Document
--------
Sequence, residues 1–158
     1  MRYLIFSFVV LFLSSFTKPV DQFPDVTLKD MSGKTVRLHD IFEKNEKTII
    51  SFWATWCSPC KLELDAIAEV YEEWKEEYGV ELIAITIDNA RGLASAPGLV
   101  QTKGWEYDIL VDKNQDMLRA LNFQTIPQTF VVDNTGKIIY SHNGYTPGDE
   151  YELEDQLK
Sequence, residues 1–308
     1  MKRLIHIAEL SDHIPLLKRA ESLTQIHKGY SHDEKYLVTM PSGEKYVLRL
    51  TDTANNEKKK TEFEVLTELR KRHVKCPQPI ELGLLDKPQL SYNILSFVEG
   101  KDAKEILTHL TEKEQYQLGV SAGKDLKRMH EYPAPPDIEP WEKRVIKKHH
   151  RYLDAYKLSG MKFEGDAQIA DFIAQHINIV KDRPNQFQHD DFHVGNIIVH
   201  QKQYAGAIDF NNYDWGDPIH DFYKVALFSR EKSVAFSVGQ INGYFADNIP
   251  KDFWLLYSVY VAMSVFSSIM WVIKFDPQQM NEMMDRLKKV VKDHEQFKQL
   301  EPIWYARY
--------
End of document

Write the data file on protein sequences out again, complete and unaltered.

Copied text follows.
Sequence, residues 1–158
     1  MRYLIFSFVV LFLSSFTKPV DQFPDVTLKD MSGKTVRLHD IFEKNEKTII
    51  SFWATWCSPC KLELDAIAEV YEEWKEEYGV ELIAITIDNA RGLASAPGLV
   101  QTKGWEYDIL VDKNQDMLRA LNFQTIPQTF VVDNTGKIIY SHNGYTPGDE
   151  YELEDQLK
Sequence, residues 1–308
     1  MKRLIHIAEL SDHIPLLKRA ESLTQIHKGY SHDEKYLVTM PSGEKYVLRL
    51  TDTANNEKKK TEFEVLTELR KRHVKCPQPI ELGLLDKPQL SYNILSFVEG
   101  KDAKEILTHL TEKEQYQLGV SAGKDLKRMH EYPAPPDIEP WEKRVIKKHH
   151  RYLDAYKLSG MKFEGDAQIA DFIAQHINIV KDRPNQFQHD DFHVGNIIVH
   201  QKQYAGAIDF NNYDWGDPIH DFYKVALFSR EKSVAFSVGQ INGYFADNIP
   251  KDFWLLYSVY VAMSVFSSIM WVIKFDPQQM NEMMDRLKKV VKDHEQFKQL
   301  EPIWYARY